Multiple sclerosis (MS) is an autoimmune disease where the body’s immune system attacks the body’s myelin, the protective sheath that encases the nerves in the brain and spinal cord, eventually causing deterioration of the nerves themselves. When myelin is damaged, the messages that travel along that nerve may be slowed or blocked, interfering with the communication between the brain and the rest of the body.
It is not yet understand exactly why multiple sclerosis occurs in some people and not other although a combination of factors, ranging from genetics to childhood infections, may play a role. Canada has one of the highest rates of MS in the world.
Multiple sclerosis can be difficult to diagnose early in the course of the disease, because symptoms often occur in periods of relapse and remission, sometimes disappearing for months. Symptoms vary widely, depending on the amount of damage and the particular nerves that are affected. Symptoms can include dizziness, fatigue, tremors, lack of coordination or unsteady walk, double vision or blurring of vision, tingling or pain in parts of the body, deterioration of vision, electrical jolt sensations that occur with certain head movements, and numbness or weakness in one or more limbs, which typically occurs on one side of the body at a time or the bottom half of the body. Symptoms of multiple sclerosis often are triggered or worsened by an increase in body temperature.
Because there is presently no cure for multiple sclerosis, treatment typically focuses on combating the autoimmune response and managing the symptoms. Western medical treatment mainly consists of medications to manage symptoms, although many disease-modifying treatments are being developed. Some people have such mild symptoms that no treatment is necessary.
In Chinese medicine, a number of factors are considered to contribute to the development of multiple sclerosis, including diet, lifestyle, and constitutional factors that may cause a vulnerability to developing this condition. MS is considered a dampness pattern, meaning that there is an obstruction of the flow of energy through the body’s channels, causing a feeling of heaviness in the legs as well as numbness and tingling. Over time, the blocked energy has an effect on other areas, causing a deficiency in the liver and kidneys that leads to blurred vision, weakness of the legs, dizziness, and vertigo.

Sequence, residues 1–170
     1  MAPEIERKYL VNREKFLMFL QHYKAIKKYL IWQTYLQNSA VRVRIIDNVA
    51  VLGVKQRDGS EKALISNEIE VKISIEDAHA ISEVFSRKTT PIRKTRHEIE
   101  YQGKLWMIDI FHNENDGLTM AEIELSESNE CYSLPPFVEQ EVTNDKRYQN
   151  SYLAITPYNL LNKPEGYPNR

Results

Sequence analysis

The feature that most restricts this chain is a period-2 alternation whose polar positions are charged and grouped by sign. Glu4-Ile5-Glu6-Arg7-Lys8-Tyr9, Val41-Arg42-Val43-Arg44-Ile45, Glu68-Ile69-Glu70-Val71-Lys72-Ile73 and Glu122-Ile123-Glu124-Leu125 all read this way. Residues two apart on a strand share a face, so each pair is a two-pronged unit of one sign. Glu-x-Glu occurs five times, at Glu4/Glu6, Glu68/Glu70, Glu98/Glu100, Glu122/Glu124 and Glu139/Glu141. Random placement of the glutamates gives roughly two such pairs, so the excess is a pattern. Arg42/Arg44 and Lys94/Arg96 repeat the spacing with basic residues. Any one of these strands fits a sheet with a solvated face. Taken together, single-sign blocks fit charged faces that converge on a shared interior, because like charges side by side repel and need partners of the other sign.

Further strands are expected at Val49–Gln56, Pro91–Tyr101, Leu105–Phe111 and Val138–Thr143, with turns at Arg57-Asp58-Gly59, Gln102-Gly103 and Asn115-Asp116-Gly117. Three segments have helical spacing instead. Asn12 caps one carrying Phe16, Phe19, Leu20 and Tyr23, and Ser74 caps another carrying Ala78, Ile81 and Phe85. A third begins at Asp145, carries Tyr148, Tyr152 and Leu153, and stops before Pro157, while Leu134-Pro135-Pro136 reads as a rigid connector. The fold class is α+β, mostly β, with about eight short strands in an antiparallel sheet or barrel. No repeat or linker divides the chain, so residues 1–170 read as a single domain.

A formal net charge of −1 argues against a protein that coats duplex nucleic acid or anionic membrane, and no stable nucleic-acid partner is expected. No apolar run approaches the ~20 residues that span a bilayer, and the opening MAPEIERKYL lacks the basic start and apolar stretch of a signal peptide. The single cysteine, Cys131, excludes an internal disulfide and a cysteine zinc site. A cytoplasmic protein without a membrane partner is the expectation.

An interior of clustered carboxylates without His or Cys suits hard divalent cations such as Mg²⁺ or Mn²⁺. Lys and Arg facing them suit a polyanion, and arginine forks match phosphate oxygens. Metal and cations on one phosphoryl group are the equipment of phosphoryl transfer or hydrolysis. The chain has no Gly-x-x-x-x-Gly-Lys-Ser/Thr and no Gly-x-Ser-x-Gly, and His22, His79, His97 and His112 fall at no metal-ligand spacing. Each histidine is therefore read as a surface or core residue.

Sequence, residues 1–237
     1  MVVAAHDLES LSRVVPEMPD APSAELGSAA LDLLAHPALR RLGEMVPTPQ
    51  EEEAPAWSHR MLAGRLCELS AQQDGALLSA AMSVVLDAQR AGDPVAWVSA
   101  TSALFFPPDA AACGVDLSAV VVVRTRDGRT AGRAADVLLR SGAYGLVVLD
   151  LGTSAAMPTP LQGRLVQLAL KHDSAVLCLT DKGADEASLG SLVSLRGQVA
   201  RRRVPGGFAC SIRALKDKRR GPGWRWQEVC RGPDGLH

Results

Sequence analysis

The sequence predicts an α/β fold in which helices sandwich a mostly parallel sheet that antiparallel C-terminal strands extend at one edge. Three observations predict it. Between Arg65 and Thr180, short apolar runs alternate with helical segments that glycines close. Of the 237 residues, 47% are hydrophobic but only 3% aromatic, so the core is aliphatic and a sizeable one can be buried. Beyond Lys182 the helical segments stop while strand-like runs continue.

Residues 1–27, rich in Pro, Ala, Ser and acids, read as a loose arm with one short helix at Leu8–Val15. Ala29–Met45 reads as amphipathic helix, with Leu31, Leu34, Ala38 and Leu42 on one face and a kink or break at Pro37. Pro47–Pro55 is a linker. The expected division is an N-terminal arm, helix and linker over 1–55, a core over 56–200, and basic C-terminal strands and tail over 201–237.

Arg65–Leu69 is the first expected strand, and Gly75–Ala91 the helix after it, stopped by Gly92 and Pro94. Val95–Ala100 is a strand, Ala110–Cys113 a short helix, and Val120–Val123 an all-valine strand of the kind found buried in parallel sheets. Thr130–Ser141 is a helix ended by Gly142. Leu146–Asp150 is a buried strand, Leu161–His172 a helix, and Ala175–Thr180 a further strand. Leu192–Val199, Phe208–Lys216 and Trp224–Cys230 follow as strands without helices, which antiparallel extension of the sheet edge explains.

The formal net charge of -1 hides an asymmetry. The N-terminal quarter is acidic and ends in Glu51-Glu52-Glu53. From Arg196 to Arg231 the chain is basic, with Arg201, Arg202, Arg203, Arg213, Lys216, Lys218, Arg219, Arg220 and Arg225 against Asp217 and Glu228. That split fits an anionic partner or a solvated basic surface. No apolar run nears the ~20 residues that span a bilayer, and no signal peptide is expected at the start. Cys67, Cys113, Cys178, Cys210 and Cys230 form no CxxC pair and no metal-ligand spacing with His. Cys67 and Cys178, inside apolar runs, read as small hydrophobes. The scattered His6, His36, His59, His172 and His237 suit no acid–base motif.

Acupuncture cannot cure multiple sclerosis, but it can offer considerable help in alleviating the symptoms and slowing down the progress of the condition. However, the extent to which acupuncture can help depends on when treatment is started- the earlier treatment is started, the better.
If treatment is started in the very early stages, symptoms can be minimized and even eliminated, and the disease progression slowed or halted. Later stages of multiple sclerosis can be more difficult to treat, however acupuncture can still be of benefit in the relief of symptoms, and is an option well worth considering for the management of this condition. One can expect a schedule of 2-3 treatments per week for the first few weeks, going down to once a week as progress is made.
Living with a chronic illness such as MS is a challenge that means managing symptoms and preventing and minimizing flare-ups. Staying healthy, exercising, decreasing stress, avoiding heat, and lots of rest can play a big part in managing the condition and maintaining quality of life. Finding therapies that can help to manage symptoms and keep the body healthy are also important, and acupuncture can play a role in this management.
James Kaufman is a Registered Acupuncturist at Okanagan Acupuncture Centre’s new location, 1625 Ellis St, Kelowna, BC.